Larry Hagman’s Greatest Hits (Photos)

From his iconic run on ‘Dallas’ to the horror movie he directed, a brief look at Larry Hagman's career.

CBS Photo Archive via Getty Images ; AP Photo ; NBCU Photo Bank via Getty Images ; Everett Collection

CBS Photo Archive via Getty Images ; AP Photo ; NBCU Photo Bank via Getty Images ; Everett Collection

Actor Larry Hagman, best known as the dastardly J.R. Ewing on Dallas, died on Friday at the age of 81. From his long run on the nighttime soap to the horror movie he directed, a brief look at Hagman’s many accomplishments—and why we’ll miss him so much.

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‘Harbormaster,’ 1957–58

The son of a Broadway and film actress, Hagman already had an impressive stage career by the age of 26, when he had his first stint as a guest star on the short-lived television adventure-drama Harbormaster. Although the boats-and-burglars thriller series lasted only a single season, it launched Hagman into his long career in television.

CBS / Landov

‘The Edge of Night,’ 1961–63

Hagman’s soap-opera career began in earnest with The Edge of Night, a long-running daytime series that combined mystery with soap opera. But don’t laugh—the show, along with fellow soap As the World Turns, revolutionized television by being one of the first daytime shows to last a full half-hour. Hagman joined the show as intrepid detective Ed Gibson five years into its run. He solved mysteries and broke hearts for two years.

Everett Collection

‘Ensign Pulver,’ 1964

After getting a taste of soap-opera fame, Hagman briefly left the world of television for the movies. But his first film role was not one with any kind of cachet. The tale of a self-serving Casanova, Ensign Pulver was a nine-years-late sequel to 1955’s Mister Roberts. Although Hagman didn’t star as the titular self-serving Casanova, he did share billing with a young Jack Nicholson as a crewman on the aptly named USS Reluctant.    

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‘I Dream of Jeannie’, 1965–70

Hagman returned to television to make the first big splash of his career. Tony Nelson was the role of every boy’s dreams: an astronaut in possession of a genie (in the form of a beautiful young woman, of course) who gladly did anything he wished. Although the television classic is now seen as obviously problematic by feminists, one thing is indisputable: dreaming of Jeannie was a lifesaver for Hagman.

‘Beware! The Blob’, 1972

Hagman’s one and only film directing credit, Beware! The Blob (reissued after his Dallas fame with the tagline, “The Film That J.R. Shot!”) was a sequel to the horror classic The Blob. Unfortunately, Hagman’s addition did not enter the horror canon, and for good reason: the movie was largely improvised and Hagman’s only directing experience came from three episodes of Jeannie. It has only a 30 percent audience rating on Rotten Tomatoes. Ouch.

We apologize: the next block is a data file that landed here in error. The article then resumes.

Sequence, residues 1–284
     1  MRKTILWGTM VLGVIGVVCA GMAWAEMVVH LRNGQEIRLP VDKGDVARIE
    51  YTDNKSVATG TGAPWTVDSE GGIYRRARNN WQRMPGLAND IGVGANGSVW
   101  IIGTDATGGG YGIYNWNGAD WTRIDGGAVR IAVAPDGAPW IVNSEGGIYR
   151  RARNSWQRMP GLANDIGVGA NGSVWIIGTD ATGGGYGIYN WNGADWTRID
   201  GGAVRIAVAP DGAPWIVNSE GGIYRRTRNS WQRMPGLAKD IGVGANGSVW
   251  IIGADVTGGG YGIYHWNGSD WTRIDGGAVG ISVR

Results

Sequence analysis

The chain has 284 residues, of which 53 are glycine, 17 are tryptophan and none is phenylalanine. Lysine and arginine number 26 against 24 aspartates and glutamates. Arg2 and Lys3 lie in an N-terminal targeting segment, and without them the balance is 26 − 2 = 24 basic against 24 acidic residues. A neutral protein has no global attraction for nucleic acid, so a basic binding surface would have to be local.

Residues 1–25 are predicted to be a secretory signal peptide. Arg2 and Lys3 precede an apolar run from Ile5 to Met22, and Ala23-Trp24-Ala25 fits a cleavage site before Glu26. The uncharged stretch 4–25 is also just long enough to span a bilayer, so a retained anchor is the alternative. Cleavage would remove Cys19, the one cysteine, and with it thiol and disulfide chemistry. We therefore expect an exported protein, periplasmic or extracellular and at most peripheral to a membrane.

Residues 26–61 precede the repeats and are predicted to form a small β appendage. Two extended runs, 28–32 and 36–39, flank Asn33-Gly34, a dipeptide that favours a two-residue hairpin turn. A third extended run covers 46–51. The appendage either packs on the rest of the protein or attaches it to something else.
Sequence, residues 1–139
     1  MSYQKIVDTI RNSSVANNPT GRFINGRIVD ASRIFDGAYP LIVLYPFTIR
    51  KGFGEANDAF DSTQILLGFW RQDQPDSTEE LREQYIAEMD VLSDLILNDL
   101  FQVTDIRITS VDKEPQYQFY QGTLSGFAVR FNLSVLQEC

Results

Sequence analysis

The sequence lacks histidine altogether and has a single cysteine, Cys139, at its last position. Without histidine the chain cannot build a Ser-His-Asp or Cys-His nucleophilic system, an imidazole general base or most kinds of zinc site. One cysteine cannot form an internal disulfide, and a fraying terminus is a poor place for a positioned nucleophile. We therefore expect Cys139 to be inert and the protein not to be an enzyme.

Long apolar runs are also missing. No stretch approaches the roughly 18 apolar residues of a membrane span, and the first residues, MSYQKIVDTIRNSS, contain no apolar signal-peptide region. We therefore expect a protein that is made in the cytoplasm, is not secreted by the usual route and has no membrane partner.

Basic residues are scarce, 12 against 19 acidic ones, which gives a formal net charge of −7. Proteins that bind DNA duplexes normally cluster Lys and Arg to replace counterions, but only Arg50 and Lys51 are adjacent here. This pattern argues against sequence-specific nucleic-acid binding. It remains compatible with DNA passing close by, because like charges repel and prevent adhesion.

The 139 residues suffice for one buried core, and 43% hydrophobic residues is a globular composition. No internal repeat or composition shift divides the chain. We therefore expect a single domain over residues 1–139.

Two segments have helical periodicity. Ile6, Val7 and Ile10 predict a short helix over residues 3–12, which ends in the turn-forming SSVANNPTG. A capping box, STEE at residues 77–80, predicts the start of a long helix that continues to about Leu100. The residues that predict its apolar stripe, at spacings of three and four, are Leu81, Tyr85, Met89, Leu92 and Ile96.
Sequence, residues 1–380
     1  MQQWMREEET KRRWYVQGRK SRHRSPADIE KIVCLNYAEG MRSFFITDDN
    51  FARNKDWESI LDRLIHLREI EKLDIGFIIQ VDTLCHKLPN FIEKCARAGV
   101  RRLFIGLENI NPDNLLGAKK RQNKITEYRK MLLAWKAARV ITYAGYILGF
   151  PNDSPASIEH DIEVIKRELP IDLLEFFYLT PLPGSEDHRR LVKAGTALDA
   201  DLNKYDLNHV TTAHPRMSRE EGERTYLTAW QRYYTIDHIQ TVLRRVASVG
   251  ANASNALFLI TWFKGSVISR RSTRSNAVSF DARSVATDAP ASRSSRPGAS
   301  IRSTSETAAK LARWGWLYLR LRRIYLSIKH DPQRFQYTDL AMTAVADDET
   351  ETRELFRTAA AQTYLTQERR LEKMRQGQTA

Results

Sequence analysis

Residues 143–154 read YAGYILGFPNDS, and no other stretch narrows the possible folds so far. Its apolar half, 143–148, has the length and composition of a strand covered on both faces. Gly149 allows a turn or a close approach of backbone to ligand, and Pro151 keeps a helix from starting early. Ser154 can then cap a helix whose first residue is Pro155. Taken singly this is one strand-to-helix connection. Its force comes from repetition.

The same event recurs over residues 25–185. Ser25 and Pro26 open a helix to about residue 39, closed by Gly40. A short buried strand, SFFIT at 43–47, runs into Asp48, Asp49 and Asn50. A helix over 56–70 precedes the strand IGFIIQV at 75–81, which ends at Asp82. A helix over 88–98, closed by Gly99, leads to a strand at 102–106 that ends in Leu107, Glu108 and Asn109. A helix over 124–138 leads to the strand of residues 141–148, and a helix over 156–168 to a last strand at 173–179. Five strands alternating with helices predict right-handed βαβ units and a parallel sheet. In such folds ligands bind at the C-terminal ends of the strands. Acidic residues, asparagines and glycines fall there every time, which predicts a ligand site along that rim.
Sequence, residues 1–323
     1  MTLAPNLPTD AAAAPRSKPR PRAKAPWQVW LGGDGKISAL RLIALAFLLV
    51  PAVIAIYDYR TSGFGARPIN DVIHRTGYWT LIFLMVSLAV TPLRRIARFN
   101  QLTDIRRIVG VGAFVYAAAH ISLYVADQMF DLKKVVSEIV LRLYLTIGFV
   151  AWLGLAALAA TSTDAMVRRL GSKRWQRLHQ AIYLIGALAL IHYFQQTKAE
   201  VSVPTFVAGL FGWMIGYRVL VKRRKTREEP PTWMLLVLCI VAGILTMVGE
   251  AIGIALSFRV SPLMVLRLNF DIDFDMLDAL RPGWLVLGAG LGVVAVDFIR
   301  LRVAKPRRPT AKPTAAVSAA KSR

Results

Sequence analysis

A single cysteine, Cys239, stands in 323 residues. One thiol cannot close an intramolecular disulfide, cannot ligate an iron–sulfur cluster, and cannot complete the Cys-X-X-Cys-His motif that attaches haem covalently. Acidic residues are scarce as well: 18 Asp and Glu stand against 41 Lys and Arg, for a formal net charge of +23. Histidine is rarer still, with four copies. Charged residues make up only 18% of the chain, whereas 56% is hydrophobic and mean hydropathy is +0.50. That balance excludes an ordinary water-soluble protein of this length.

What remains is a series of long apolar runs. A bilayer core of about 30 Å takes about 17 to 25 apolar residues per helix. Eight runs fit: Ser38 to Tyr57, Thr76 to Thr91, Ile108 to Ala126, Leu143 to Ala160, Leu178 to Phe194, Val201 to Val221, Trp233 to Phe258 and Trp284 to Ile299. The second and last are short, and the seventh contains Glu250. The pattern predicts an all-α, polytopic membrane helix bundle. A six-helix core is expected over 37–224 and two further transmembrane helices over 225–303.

Lorimar Film Entertainment / Everett Collection

‘Dallas’, 1978–91

A few years later, Hagman landed back on his feet with what would become his defining role. As oil baron J.R. Ewing on the primetime soap opera Dallas, Hagman got to play the bad guy. Hagman schemed, plotted, played dirty, and generally chewed his way through scenery for all 14 seasons of the show and stands as the only actor to appear in all 357 episodes. Not bad for someone whose first show lasted only one season.

Lorimar Television / Everett Collection

Who shot J.R.? 1980

It was the television episode that sparked a pop-culture phenomenon. In the last scene of the finale of the 1979–80 season, Hagman’s character J.R. Ewing was shot twice by an unknown assailant, and the mystery wouldn’t be resolved for eight months. The show’s resulting advertising catchphrase, “Who shot J.R.?” was instantly everywhere, from T-shirts to Republican campaign buttons (“A Democrat shot J.R.”). A session of the Turkish Parliament was even suspended to give M.P.s time to get home to catch the show the night the mystery was solved.

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‘Knots Landing,’ 1980–82

J.R. became such a phenomenon that he couldn’t be contained in Dallas. In the early 1980s, Hagman’s Dallas character showed up in several episodes of the spinoff Knots Landing. The show was about the family of J.R.’s black-sheep younger brother, who would occasionally grapple with his notorious kin—or have to be saved by him. J.R. was also featured in two made-for-television movies, J.R. Returns and War of the Ewings. But even then, viewers could never get enough.

Martin Schoeller, TNT / AP Photo

‘Dallas,’ 2012

Although Hagman did other work between the finale of the first run of Dallas and its 2012 TNT revival, his best-known role also became his last. The reboot, which is a continuation of the old series (but disregards the two TV movies), revolves around J.R.’s son. But everyone’s favorite patriarch is far from a minor character, and Hagman spent his time on the new show pulling all of J.R.’s old tricks, conniving his way back into power in the family business. He died during production of the second season. We doubt the Ewings will ever be the same.